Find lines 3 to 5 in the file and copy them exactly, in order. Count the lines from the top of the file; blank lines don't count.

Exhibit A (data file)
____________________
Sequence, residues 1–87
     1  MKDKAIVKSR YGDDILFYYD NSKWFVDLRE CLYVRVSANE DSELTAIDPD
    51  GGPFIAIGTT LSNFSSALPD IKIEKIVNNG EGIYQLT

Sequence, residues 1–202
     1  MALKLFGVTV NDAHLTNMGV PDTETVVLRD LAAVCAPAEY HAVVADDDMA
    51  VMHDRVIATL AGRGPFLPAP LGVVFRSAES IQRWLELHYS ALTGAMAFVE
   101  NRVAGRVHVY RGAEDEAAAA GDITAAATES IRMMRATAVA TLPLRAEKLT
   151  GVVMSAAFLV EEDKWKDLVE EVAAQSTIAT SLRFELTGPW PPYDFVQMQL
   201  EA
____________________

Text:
    51  GGPFIAIGTT LSNFSSALPD IKIEKIVNNG EGIYQLT

Sequence, residues 1–202
     1  MALKLFGVTV NDAHLTNMGV PDTETVVLRD LAAVCAPAEY HAVVADDDMA